Humanicide - Death Angel

Loyal to the packed

Humanity should probably make sure to kill himself, but you can as well help them a little on the way. On the Humanicide makes Death Angel, what they do best – and what they eventually do better than their statesmen: thrasher game and violently. To all thrashfans, which is anxious by Death Angels albums due to the frequent experiments with the more radio friendly genres, I put joy the head on the block for the group's latest release. If you are one of the lucky ones who need to Aalborg Rock and Metal Festival, so do yourself a big favor and listen to Humanicide.

Expectations for menneskemord

There is so much talk about "The Big Four", that you can't find the other thrash artists, unless you're looking for them. But in '82 were Death Angel of some guys in 12-15 years, and their debut album from '88, The Ultra-Violence, considered as definitely for a Bay Area thrash classic. Since then followed a career with eight albums and a break of ten years (five of them as The Organization), where the group and to have worked, as if they would rather play anything other than thrash (on Relentless Retribution , for example). The Evil Divide from 2016 on the other hand was a fine thrash album, which provides the increased expectations – and aspirations – to Humanicide.

Thrown to the wolves

Apart from a melodic intro with more guitarspor than The Blackening cuts Cavestany and Aguilar otherwise through the first of many Bay Area riffs. When Sisson (bass) and Carroll (drums) joins them, it is clear that the Death Angel has come not to play Trivium – fortunately. Osegueda behind the microphone to bring his most carefully afpissede thrash-game to the table, and the sounds still much like he did on The Art of Dying (let's be honest – his technique was unpolished on The Ultra-Violence). Opening, title track and lead single "Humanicide" is so true californian thrash, which you can find in 2019, and any fan of thrash metal should sporenstregs scroll down, turn up, and listen to.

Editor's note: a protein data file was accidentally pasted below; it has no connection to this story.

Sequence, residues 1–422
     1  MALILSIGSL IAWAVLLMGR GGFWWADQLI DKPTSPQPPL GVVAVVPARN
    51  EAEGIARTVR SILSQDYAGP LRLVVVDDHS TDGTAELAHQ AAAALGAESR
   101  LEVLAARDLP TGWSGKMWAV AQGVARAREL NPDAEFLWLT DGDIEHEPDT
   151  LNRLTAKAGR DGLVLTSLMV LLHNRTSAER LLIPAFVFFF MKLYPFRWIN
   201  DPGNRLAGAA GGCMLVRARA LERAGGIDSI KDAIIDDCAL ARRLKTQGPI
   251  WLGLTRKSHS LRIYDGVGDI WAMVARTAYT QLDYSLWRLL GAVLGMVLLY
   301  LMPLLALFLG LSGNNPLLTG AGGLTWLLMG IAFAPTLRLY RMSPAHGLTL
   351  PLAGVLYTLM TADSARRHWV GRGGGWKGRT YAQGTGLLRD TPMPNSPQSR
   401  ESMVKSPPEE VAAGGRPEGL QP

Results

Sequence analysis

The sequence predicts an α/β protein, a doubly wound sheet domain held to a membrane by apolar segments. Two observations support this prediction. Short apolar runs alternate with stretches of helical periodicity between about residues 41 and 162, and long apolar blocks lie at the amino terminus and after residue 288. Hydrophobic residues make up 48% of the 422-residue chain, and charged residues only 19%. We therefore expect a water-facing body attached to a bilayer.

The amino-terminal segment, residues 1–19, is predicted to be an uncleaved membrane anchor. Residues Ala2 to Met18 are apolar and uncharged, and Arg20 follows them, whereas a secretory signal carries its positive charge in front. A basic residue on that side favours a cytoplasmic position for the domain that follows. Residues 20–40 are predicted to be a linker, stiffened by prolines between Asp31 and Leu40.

Along the way on the album brings the group a glimpse of inspirations from the outside. "Divine Defector" opens with a tremolo-game hovedriff that sounds halfway inspired by the melodic black metal, and Oseguedas scream of "holy waaaaar!" would make even Gandhi to start a nuclear program. "Aggressor" is another winner, which again borrows a hint from the black metal qua verse moltonede chromaticism – and so is the solo great. Each of Oseguedas lines nods in the direction of the power-thrash; specifically, his half-melodic scream in the chorus of "Alive and Screaming" and a short passage in "Of Rats and men", shows that he basically could take a stint in Iced Earth. But the album out, there is a clear and obvious focus on thrashe hard and true, and no one can say that Death Angel is undersized.

Between the thrash songwriting sticks individual songs out, as it is the rule rather than the exception on the Death Angels albums. "I Came for Blood" makes it on the good way with a windy speed-riff and a chorus that goes after the throat. "Immortal Behated" sets the pace down and creates a sizzling, above the boiling atmosphere, which I do not know whether I am a supporter of. In turn, I am also a big supporter of the one and a half minute-long piano outro; and then on a thrash album. The world no longer stands. However, there is one song I could have done without: the Penultimate "Revelation Song" is not bad as such, but provides the association with Guns'n'Roses. I would like to say that it's probably just me, but the solos sound like conscious tributes to the Slash. Strangely enough, I am big fan of Cavestany and Aguilars leads on the album, but I now prefer thrash forward for the Slash.


>> Check the songs and lyrics here